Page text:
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C# Dictionary StringComparer Tip

Dictionary StringComparer. A string Dictionary can be optimized. This requires a small change that requires no algorithmic analysis. The Dictionary provides a way to specify an ordinal-based string comparer. This results in a much faster Dictionary with string keys.

Tip: The StringComparer.Ordinal parameter can improve string lookup performance by 17%. This amounts to around 10 ns per key lookup.


Benchmark. Passing a StringComparer instance to the Dictionary constructor can boost performance in a Dictionary that uses string keys. This will not work properly on a Dictionary with keys of other value or reference types.

By using the StringComparer.Ordinal class, you tell the Dictionary to perform the fastest ordinal comparisons on the string characters. This improves performance on all lookups. Also, lookups occur when adding elements to a Dictionary.

C# program that benchmarks Dictionary

using System;
using System.Collections.Generic;
using System.Diagnostics;
using System.IO;

class Program
{
    static void Main()
    {
	var dict1 = new Dictionary<string, bool>();
	var dict2 = new Dictionary<string, bool>(StringComparer.Ordinal);

	var arr = GetStrings(500); // Get random keys
	foreach (string val in arr)
	{
	    dict1[val] = true; // Set key
	    dict2[val] = true; // Set key
	}

	const int m = 50000;
	Stopwatch s1 = Stopwatch.StartNew();
	for (int i = 0; i < m; i++)
	{
	    for (int j = 0; j < arr.Length; j++)
	    {
		bool b = dict1[arr[j]]; // Look up element
		b = dict1[arr[0]];      // Look up first element
	    }
	}
	s1.Stop();
	Stopwatch s2 = Stopwatch.StartNew();
	for (int i = 0; i < m; i++)
	{
	    for (int j = 0; j < arr.Length; j++)
	    {
		bool b = dict2[arr[j]]; // Look up element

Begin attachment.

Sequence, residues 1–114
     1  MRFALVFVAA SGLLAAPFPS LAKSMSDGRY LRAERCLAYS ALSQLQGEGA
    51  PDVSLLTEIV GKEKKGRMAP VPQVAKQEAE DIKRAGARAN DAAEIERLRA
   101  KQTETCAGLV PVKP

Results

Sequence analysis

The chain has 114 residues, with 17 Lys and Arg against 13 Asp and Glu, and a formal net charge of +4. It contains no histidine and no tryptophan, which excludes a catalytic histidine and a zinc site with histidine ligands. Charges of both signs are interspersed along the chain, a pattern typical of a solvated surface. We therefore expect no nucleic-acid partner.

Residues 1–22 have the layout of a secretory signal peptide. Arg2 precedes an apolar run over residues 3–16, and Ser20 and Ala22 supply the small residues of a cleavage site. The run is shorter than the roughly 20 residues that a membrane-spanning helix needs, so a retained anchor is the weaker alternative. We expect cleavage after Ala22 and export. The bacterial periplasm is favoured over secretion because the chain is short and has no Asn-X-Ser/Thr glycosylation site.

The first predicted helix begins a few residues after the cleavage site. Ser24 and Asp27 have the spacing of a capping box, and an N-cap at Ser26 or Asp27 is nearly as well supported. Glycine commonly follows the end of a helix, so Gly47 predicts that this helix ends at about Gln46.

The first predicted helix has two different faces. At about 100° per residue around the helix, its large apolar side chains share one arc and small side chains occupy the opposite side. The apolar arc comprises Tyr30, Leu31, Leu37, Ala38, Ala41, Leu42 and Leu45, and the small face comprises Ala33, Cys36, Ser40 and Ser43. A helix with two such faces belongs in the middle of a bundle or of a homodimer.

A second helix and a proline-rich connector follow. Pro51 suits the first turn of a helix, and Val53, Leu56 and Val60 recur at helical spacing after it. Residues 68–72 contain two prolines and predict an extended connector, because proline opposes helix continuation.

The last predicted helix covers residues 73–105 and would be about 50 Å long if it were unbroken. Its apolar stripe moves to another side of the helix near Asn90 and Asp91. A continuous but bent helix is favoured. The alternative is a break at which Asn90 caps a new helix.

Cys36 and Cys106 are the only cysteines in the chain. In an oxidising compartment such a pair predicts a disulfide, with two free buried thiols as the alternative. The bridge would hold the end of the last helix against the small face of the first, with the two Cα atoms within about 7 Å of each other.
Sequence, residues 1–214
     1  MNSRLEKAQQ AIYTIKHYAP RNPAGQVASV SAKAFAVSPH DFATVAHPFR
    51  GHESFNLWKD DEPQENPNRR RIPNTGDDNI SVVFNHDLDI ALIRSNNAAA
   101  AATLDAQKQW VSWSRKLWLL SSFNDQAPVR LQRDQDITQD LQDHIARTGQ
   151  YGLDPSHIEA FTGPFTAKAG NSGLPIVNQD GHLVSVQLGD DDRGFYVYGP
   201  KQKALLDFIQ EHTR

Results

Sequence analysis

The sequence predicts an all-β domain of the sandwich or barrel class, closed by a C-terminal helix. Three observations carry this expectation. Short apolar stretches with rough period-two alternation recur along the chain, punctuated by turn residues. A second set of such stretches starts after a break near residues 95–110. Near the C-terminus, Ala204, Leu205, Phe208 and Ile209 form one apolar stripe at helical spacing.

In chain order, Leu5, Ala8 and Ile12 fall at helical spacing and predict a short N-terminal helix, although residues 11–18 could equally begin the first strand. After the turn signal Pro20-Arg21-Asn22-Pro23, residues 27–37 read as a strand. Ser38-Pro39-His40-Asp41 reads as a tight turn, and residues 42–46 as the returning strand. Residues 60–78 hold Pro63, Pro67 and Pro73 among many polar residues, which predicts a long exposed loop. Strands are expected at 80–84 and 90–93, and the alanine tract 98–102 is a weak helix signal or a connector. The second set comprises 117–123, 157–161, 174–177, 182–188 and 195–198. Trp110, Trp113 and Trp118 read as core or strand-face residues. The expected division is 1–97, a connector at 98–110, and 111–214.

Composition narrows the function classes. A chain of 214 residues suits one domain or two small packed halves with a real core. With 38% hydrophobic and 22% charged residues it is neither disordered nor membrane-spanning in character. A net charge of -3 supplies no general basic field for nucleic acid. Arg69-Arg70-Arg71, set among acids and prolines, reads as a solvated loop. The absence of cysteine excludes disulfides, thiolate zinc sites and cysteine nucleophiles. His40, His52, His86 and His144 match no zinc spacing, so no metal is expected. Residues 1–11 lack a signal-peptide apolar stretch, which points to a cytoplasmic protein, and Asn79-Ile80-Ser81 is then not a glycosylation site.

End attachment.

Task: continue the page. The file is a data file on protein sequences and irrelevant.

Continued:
b = dict2[arr[0]];      // Look up first element
	    }
	}
	s2.Stop();
	Console.WriteLine(((double)(s1.Elapsed.TotalMilliseconds * 1000 * 1000) /
	    (m * arr.Length * 2)).ToString("0.00") + " ns");
	Console.WriteLine(((double)(s2.Elapsed.TotalMilliseconds * 1000 * 1000) /
	    (m * arr.Length * 2)).ToString("0.00") + " ns");
	Console.Read();
    }

    static string[] GetStrings(int len)
    {
	var arr = new string[len]; // Allocate and return an array of random strings.
	for (int i = 0; i < arr.Length; i++)
	{
	    arr[i] = Path.GetRandomFileName();
	}
	return arr;
    }
}

Output
    The output here depends on your computer's hardware and other factors.
    If this optimization succeeds, the second number will be lower.

57.69 ns   (No comparer)
47.48 ns   (Used StringComparer.Ordinal)

The first Dictionary created uses no parameters. The second uses one parameter, the StringComparer.Ordinal class instance. This parameter specifies how the string key comparisons are performed on the Dictionary.

Tip: Ordinal string compares are faster than other kinds because there is less overhead and less logic to execute.


Discussion. By specifying the StringComparer.Ordinal class to perform comparisons, you may be changing the behavior of the Dictionary in some globalization contexts. But my experience is that more often than not this results in more correct programs.

And: These complex globalization edge cases were never anticipated. They would just cause problems elsewhere in the program.

Tip: The StringComparer.Ordinal argument here not only improves performance of lookups by 17% but can help clarify the program's design.

SortedDictionary. You can supply the StringComparer.Ordinal class instance to the SortedDictionary generic class. My experiments showed that this improves performance. But SortedDictionary was still several times slower than Dictionary.

SortedDictionary

Summary. You can use a comparer class for a Dictionary in the C# language. This yields a performance improvement on a string Dictionary. It might also help uncover globalization problems. Ordinal string comparisons are faster.

And: This accelerates key matching and hash code computations in the Dictionary.